Also in Ukraine, the agribusiness company Kernel in August launched a US$500m dual-tranche refinancing loan. The loan comprises a US$278m long-term facility, available until 31 July 2014, and a US$222m short-term facility, available until 31 July 2012.
Middle East diverts deals
Political tensions in the Middle East have redirected some deal flow to Eastern Europe, primarily Russia and Turkey. Middle Eastern loan volume totals US$18.3bn, or 24% of the total CEEMEA volume for 2011, which is significantly lower than in 2007, when Middle Eastern borrowers secured US$108bn of loans for the full year.
So far in 2011 M&A financing is very quiet, with Israeli Teva Pharmaceuticals’ US$3bn acquisition tranche agreed in June the only deal so far. However, companies’ strategies should shift going forward.
“Volumes for the rest of the year are likely to be M&A driven,” said Rizwan Shaikh, Citigroup’s Managing Director of CEEMEA Debt Markets.
Greater lending appetite for M&A loans is more likely following a handful of large financing deals in the first half of 2011, and these suggest the region’s international syndicated loan market has tentatively reopened.
A US$2.8bn loan refinancing for Dubai’s sovereign wealth arm, Investment Corp of Dubai, raised US$4bn from the market before being cancelled in August when the company decided to repay its debts from cash. Although surprised, bankers said that ICD’s move was a positive reflection of Dubai’s stability.
“It’s a good demonstration that Dubai can repay its debts,” especially at a time when the US and eurozone are experiencing financial difficulties, a banker close to the deal said.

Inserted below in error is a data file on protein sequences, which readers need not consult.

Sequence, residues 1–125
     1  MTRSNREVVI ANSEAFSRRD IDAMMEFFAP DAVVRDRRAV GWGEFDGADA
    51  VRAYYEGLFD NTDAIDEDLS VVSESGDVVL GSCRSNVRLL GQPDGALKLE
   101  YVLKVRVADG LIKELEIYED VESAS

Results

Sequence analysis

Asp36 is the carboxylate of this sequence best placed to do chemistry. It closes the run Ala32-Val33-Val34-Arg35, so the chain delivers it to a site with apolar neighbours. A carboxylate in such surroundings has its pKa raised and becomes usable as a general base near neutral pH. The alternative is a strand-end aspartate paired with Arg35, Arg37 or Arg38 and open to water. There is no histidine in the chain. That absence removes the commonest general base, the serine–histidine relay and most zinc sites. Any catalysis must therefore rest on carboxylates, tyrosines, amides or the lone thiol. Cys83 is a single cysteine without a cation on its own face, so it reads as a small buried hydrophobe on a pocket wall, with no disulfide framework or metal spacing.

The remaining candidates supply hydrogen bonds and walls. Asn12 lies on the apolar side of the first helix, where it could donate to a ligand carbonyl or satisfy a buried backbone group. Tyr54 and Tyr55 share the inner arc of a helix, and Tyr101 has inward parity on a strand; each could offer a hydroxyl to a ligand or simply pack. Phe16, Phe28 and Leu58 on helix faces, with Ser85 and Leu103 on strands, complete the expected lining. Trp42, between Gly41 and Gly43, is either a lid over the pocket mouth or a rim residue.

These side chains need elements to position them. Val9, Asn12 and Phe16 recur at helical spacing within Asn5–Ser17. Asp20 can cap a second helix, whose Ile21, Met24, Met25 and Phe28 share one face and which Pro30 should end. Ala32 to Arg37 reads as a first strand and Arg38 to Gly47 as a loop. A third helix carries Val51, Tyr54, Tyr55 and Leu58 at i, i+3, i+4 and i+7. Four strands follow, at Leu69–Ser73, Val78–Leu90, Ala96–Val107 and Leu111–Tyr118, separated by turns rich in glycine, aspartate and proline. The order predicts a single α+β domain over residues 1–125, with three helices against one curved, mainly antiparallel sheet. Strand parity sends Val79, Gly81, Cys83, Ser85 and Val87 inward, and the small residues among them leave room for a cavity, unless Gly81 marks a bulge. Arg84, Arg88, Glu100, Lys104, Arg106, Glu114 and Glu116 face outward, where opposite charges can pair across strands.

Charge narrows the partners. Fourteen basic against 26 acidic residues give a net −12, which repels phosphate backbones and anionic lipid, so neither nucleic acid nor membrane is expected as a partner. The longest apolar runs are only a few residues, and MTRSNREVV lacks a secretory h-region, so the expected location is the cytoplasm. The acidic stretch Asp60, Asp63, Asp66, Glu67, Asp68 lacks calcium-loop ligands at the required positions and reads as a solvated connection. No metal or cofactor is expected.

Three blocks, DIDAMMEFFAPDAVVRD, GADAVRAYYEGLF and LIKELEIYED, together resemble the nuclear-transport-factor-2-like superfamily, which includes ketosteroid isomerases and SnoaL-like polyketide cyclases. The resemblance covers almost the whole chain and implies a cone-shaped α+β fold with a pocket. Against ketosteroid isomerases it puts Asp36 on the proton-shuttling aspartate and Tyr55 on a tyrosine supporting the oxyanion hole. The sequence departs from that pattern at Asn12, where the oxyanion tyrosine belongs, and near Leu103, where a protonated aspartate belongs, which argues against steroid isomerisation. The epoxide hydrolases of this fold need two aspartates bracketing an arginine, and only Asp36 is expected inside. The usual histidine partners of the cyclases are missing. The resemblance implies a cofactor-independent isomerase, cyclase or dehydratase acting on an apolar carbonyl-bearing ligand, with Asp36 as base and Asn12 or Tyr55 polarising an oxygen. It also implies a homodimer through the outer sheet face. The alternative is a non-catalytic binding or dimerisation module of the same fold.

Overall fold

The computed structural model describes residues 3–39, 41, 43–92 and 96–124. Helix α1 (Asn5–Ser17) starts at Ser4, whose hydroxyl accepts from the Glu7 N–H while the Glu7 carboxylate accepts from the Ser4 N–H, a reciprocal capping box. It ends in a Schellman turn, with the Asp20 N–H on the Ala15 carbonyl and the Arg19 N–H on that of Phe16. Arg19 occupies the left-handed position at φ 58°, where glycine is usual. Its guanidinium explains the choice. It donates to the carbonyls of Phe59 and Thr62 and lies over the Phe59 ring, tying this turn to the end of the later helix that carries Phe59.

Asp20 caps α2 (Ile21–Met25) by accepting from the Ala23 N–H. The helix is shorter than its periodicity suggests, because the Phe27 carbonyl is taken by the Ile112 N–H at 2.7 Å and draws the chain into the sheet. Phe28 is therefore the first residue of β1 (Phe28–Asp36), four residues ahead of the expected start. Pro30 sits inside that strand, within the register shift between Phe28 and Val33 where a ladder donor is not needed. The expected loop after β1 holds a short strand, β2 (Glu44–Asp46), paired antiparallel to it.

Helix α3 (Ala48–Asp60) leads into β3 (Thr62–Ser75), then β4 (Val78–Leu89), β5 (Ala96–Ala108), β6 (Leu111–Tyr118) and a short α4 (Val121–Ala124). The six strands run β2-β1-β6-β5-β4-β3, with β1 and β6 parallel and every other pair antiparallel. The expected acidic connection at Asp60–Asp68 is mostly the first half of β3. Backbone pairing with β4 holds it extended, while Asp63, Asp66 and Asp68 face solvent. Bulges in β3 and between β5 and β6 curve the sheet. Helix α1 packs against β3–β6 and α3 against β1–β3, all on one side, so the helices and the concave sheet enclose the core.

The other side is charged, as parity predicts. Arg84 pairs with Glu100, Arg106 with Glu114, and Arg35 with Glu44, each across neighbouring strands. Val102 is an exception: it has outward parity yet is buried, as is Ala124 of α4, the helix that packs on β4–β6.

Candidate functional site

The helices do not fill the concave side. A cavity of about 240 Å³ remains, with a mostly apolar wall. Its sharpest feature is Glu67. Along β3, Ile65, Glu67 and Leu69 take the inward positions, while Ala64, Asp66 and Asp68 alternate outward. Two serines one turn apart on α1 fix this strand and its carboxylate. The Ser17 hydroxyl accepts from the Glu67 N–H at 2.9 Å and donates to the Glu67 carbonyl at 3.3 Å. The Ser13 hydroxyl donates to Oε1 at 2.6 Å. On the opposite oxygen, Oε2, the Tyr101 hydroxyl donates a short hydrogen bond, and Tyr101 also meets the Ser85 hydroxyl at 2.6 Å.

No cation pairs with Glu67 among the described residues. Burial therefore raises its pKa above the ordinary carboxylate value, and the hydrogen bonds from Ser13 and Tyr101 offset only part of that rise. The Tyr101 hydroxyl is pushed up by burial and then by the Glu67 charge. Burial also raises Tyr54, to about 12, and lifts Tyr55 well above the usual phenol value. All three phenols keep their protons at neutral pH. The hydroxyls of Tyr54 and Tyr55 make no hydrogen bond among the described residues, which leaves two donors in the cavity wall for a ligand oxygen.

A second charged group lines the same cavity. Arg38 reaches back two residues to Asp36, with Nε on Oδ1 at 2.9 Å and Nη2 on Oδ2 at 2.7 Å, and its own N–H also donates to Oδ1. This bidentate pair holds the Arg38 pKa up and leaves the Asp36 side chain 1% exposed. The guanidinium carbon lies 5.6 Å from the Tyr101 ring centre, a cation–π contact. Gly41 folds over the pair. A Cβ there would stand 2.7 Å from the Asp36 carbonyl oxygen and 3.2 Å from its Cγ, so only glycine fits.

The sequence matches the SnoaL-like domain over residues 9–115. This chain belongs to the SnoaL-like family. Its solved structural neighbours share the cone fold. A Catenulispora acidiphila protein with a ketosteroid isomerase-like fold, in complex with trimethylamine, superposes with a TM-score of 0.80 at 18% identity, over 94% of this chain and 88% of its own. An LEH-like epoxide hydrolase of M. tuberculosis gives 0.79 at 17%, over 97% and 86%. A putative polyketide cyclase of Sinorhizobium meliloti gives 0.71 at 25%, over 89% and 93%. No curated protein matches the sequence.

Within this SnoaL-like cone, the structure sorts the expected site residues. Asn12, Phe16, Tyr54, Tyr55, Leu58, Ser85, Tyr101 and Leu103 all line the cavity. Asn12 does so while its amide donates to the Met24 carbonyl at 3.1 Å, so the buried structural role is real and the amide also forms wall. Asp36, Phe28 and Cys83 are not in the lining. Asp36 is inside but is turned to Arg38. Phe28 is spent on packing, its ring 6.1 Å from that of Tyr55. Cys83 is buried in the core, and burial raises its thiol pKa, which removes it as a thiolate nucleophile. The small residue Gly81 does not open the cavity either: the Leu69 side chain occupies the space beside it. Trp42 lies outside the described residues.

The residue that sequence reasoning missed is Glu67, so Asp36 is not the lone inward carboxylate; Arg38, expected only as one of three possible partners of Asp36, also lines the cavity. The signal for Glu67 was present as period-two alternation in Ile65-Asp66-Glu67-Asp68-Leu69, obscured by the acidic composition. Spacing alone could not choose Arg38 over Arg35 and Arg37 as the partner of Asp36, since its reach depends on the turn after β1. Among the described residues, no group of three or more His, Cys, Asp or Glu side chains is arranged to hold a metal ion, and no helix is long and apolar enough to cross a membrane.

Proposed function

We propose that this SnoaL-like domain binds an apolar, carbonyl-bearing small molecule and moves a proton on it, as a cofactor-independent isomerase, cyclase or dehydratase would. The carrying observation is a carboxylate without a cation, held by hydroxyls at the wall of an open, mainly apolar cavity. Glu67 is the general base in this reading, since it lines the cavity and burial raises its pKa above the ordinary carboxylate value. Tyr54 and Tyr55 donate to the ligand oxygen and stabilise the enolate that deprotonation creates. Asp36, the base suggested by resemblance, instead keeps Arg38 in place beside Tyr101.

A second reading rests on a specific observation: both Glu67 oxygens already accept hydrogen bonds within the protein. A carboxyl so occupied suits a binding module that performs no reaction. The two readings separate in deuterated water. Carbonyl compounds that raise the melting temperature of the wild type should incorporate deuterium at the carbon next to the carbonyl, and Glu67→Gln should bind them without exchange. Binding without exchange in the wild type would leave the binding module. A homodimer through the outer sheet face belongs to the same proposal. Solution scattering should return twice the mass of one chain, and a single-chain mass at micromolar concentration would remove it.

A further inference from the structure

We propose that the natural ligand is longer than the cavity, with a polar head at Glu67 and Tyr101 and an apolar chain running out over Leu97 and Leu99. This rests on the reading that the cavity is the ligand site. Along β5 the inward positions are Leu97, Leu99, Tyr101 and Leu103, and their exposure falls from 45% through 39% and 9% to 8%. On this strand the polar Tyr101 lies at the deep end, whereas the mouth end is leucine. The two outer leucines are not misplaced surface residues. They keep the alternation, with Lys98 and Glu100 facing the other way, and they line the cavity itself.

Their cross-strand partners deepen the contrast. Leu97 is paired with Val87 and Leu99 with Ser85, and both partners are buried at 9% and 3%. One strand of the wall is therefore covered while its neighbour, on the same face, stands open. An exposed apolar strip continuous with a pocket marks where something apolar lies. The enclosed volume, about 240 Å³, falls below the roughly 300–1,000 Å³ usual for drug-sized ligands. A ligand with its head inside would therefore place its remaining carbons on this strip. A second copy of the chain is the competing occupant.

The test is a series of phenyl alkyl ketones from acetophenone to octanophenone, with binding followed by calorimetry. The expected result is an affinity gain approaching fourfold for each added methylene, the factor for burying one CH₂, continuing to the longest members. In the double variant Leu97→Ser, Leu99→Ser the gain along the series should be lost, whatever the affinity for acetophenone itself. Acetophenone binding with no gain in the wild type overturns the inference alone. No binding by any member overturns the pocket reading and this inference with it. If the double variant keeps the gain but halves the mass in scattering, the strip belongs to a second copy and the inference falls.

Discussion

Carrying a margin of 350bp, ICD faced a significant rise in its borrowing costs from 125bp–150bp on its existing US$6bn loan, though pricing was not the reason the deal was pulled, bankers said.
ICD’s ability to repay amid a string of debt repayments or rescheduling of maturities this year and the successful conclusion in March to Dubai World’s US$25bn restructuring agreement, combined with Dubai’s perception as a safe-haven amid regional political strife, have lifted investor sentiment on the emirate.
In July, the Dubai Department of Finance closed an US$800m, six-year Salik securitisation, which was initially marketed with a margin of 350bp, but was reduced to 325bp because of high demand. (See “Secured solutions”)
Elsewhere, Abu Dhabi’s IPIC signed a $1.5bn bridge, one-year facility in August, offering 50bp for the first year, stepping up to 75bp if a six-month extension is exercised. Despite the extremely low margin, a couple of relationship lenders joined the deal, taking some of the exposure off the three bookrunners that underwrote the transaction.